Another cybersecurity staple that is useful for cloud security is penetration testing. While conventional pen testing involves staging mock attacks on your physical and virtual systems, a cloud-oriented version focuses on highlighting potential areas of concern within your cloud infrastructure. In both cases, pen testing should be performed regularly to identify and shore up your vulnerabilities before they are identified by threat actors
Datacenter security is typically the domain of cloud providers rather than enterprise-level businesses, but it is still important to know what your responsibilities are. Different services like IaaS and PaaS have different security requirements that cannot be covered by a generic catch-all solution. Your provider should be able to explain the steps they’ve taken to prevent unauthorized access, ensure a continual power supply, and keep your data safe.
Regulatory and Legal Compliance
Due to the nature of cloud computing, where the physical data centers being used may be halfway across the world, regulatory and legal compliance are also important components of cloud security.
How can I enhance cloud security protocols within my organization?
The first step to enhancing your cloud security protocols is understanding your specific requirements. Cloud security is different from on-premise security, but it also varies based on provider too. Optimal Azure cloud security looks different than optimal AWS security, which in turn is different from the best solution for a custom, multicloud environment. Understanding the different security practices associated with each cloud provider makes it easier to develop a solution that keeps your data secure.
Cloud security certifications are a great way to build this knowledge, but there are lots of different options to choose from. Broadly speaking, these can be split into two categories:
- Vendor Specific Certs.
As the name suggests, vendor-specific cloud security certifications focus on building skills within a singular cloud platform like Amazon Web Services (AWS), Google Cloud Platform (GCP) or Microsoft Azure. If your data is housed with a single cloud provider, it’s helpful to understand what that means for your security in specific, narrowly defined terms.
In the security courses for each cloud provider, you’ll learn how to protect your environment in their cloud. Courses like Security Engineering on AWS, Microsoft Azure Security Technologies, and Security in Google Cloud provide a wide overview of security controls for their clouds. Each cloud service provider offers different controls, so if your data is in a multicloud environment, you’ll need security training for each CSP.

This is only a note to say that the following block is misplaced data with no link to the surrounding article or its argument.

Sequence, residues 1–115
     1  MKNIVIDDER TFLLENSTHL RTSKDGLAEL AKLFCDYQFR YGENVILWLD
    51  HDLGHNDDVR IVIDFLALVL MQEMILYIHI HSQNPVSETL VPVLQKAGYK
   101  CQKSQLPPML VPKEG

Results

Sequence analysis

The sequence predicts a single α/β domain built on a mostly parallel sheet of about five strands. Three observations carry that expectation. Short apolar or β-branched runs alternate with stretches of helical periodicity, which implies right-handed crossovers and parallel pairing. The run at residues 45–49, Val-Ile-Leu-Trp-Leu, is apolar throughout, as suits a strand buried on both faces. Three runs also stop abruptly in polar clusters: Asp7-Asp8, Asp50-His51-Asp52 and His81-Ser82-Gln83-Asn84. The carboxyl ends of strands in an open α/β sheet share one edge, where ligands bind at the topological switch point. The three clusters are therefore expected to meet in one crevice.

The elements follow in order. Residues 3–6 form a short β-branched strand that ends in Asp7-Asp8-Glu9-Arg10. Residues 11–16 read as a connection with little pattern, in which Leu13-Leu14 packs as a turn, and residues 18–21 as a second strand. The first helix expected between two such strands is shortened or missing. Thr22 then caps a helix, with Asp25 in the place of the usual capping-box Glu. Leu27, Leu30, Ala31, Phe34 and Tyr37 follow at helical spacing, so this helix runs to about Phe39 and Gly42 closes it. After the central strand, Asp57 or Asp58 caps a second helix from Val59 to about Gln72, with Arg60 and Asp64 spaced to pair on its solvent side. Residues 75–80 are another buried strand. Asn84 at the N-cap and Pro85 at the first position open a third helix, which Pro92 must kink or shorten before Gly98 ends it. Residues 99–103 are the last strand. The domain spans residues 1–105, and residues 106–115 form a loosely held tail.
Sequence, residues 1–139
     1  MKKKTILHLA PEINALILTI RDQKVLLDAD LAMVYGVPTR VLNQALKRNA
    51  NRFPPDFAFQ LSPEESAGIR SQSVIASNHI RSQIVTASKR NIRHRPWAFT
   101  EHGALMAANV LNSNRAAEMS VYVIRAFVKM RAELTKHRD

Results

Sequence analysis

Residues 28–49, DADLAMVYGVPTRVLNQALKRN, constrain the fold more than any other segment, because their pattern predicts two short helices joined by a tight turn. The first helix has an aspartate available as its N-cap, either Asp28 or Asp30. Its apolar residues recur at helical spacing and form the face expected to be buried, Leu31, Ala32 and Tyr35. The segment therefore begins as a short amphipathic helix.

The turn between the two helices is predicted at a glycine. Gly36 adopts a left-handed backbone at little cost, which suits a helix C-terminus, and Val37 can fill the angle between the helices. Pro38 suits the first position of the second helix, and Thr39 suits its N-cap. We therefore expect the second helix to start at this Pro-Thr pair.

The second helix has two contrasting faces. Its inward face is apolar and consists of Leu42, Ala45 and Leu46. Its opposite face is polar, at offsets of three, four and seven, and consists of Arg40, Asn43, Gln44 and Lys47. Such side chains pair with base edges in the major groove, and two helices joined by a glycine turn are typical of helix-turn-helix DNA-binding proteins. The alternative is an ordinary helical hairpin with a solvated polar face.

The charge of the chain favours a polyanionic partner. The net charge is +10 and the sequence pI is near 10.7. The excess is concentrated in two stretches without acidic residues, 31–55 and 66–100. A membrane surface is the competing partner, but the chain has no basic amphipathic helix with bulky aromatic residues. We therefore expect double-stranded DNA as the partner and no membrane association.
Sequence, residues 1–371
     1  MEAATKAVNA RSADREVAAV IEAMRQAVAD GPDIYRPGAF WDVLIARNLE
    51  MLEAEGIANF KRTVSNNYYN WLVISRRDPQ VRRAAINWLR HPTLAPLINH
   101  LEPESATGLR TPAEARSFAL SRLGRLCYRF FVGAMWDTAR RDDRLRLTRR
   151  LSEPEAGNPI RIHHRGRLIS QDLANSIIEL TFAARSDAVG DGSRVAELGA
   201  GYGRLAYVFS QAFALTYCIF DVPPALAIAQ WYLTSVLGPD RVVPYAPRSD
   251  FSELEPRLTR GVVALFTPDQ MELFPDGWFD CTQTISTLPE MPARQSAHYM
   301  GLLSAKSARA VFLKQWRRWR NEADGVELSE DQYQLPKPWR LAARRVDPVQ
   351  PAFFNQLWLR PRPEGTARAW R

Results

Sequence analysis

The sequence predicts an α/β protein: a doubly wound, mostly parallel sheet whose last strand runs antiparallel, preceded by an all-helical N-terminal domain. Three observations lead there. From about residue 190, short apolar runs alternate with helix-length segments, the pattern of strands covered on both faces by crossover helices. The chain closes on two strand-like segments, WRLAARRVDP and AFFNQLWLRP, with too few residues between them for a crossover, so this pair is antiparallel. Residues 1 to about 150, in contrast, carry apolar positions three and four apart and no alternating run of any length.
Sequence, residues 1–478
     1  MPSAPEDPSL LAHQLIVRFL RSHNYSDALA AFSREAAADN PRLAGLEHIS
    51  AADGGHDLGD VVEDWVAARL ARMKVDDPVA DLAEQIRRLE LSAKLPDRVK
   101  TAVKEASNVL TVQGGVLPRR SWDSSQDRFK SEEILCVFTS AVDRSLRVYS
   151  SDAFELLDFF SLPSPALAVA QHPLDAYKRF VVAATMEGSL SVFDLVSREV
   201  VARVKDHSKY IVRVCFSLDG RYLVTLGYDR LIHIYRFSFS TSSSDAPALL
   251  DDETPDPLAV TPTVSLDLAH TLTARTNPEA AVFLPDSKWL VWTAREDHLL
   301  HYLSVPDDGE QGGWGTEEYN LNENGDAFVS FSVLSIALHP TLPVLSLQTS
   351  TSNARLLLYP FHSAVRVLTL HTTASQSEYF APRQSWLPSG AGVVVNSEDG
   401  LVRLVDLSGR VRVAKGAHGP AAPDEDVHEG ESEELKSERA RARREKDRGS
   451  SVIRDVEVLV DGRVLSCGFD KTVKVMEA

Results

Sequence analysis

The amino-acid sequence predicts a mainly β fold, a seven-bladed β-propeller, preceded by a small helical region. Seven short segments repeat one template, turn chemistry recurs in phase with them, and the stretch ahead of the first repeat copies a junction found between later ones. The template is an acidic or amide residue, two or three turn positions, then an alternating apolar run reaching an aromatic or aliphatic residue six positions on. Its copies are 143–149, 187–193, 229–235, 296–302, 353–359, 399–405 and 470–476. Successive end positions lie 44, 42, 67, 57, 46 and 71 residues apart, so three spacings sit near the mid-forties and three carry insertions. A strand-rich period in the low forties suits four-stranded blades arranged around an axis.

- Vendor-Agnostic Certs
Alternatively, vendor-agnostic industry certifications focus on the more generalized, transferable aspects of cloud security. These are issued by nonprofit organizations like (ISC)2, ISACA and CompTIA and focus more on the big-picture aspects of cloud security. Some of the more popular certifications include Certified Information Systems Security Professional (CISSP), Certified Cloud Security Professional (CCSP) and Certified Information Security Manager (CISM).
What are the best cloud security certifications?
It doesn’t matter whether you’re looking to train members of your organization or trying to gain a competitive advantage as a job seeker, the best cloud certifications vary on a case-by-case basis. With that said, global trends toward multicloud environments have made IT pros with multiple security certifications very attractive to employers.
If you want to handle security for the cloud, it’s most important to take the security courses that your cloud provider offers as you will be needing to secure that environment. So, too, if you want to specialize in working with a certain technology, such as Kubernetes, you’ll want to take some of the various Kubernetes security courses.
Browse ExitCertified's Catalog of Cloud Security CoursesView Courses